Investment management is a profession of fantasizers with practitioners who prattle at company executives about big investments in the millions or billions of dollars. Actually, that mountain of money has little if not nothing to do with the managers, nor is investment decision-making completely up to them. But they attach great significance to themselves regardless. You can almost hear them think: "I am managing important businesses, so I must be a very important person myself."
And they never allow themselves to look insignificant. Even though many get the job through social connections rather than acumen or ability, they like to lecture others, posture, and refuse to talk with those who seem less powerful.
That makes them superficial instead of down-to-earth.
Doing Anything to Inflate Their Egos
In talks with investors, investment managers only discuss the big trends of the future – as if paying any attention to the present and to immediate business indicates shortsightedness.
In talks with peers, they rave about industries and targeted companies, as if enquiring about deal delivery and due diligence is a rookie move.
In talks with founders, they think they know more about business than the founders. So they give lectures, or they challenge every sentence of the founders, trying to embarrass them.
They assign work to new employees that is beyond their ability. Then, complaining about the new employees' incompetence, they can only make trivial improvements to their work, like switching out Times New Roman font for Garamond – bragging about their investment success in front of the beginners while never touching the underlying logic.
Indeed, the only things they consider worth discussing are the development of human society and cutting-edge technology, all of them Elon Musk wannabes.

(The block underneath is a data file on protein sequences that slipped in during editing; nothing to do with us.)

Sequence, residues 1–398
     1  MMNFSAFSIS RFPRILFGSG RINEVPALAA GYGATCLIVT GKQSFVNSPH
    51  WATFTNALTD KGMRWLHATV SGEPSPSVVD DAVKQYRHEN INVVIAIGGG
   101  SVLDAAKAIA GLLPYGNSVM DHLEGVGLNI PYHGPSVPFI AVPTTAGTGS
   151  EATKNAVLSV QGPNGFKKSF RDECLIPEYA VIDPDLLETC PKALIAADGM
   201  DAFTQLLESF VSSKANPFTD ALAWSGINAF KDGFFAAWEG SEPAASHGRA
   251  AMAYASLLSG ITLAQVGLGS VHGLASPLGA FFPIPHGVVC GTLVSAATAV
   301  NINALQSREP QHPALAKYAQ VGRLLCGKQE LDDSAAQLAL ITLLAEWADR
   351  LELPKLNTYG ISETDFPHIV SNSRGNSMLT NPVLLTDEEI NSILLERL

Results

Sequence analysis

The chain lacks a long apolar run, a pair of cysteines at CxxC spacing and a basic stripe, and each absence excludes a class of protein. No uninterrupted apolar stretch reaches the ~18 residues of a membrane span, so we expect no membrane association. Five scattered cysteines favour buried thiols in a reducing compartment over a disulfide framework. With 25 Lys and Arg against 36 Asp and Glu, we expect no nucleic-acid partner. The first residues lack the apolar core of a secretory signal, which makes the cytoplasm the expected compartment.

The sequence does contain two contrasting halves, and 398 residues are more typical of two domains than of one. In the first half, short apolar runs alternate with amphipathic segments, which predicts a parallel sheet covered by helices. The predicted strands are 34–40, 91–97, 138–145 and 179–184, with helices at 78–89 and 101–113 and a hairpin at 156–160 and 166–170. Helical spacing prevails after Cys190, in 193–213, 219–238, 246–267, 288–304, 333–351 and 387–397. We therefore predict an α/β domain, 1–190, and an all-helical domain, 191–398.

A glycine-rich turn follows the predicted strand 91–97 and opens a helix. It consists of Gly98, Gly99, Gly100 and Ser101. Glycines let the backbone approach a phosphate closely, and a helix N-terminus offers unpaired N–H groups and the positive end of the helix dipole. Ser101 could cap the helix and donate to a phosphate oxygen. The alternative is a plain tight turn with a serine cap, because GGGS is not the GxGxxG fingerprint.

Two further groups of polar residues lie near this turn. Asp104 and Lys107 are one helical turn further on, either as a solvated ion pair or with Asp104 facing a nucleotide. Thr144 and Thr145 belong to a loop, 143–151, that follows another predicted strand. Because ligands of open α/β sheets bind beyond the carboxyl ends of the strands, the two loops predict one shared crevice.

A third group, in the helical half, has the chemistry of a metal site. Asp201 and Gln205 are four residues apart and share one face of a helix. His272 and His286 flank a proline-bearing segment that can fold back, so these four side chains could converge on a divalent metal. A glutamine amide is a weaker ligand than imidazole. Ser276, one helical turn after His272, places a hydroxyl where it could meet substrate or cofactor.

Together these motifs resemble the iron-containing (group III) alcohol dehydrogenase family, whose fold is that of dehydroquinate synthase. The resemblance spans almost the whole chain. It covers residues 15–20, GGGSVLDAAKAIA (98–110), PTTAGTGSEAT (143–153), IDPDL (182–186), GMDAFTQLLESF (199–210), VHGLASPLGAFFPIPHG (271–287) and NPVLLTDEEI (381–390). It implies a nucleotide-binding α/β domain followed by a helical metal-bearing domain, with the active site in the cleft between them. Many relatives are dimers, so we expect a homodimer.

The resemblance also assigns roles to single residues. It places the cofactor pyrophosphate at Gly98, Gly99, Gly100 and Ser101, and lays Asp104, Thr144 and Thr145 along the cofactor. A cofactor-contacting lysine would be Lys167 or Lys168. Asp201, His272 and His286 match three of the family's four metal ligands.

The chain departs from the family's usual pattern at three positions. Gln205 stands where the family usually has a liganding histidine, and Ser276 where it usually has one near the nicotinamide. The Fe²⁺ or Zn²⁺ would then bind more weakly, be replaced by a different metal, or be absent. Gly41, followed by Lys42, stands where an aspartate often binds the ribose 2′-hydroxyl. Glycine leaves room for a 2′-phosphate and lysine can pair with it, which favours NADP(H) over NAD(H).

But investing is not as easy as that.
Investing Is Both an Art and a Science
Investment is a kind of business where you exchange hard work for correct investment decision-making.
How can you make a more valuable decision at a lower price? You need to have a standardized investment procedure that includes standardized parts for the decision-making mechanism, due diligence methodology and research.
The standardized procedure (the "science") can liberate decision-makers from basic fact-finding and let them focus on more unique matters (the "art" of the investment). This art involves the following aspects:
1. To-business and to-consumer companies, product providers and platform service providers, projects for angel investors and companies in the pre-IPO stage; these are all different in the pairs. Due diligence objectives and methods should also vary accordingly.
2. Different investment managers have different investment strategies. Some may be very price-sensitive about estimated value, while others may think high valuation is no problem if the investment target is good quality. The differences require slight adjustment when conducting due diligence research.
3. Some aspects of investment cannot be standardized. Industry trends, people and risks are problems that may vary from one investment target to another, requiring analytical skills and creativity from due diligence research analysts.
I have seen many startups trying to provide solutions to standardize investment decision-making. These include the automatic collection of bank account statements, invoice checking for income verification in due diligence research, and ERP-cross-referenced financial analysis. There is strong market demand for these services.
I believe that one day, investment companies can finish many of these tasks digitally. And that day may come soon.
When it does, some of the investment decision-making personnel, such as financial due diligence (FDD) staff, will get replaced. However, machines are hardwired, while people with flesh and blood are flexible and can always figure out and optimize the underlying investment logic of new investment targets.
That is to say, investment analysts who know the underlying logic will always be valuable.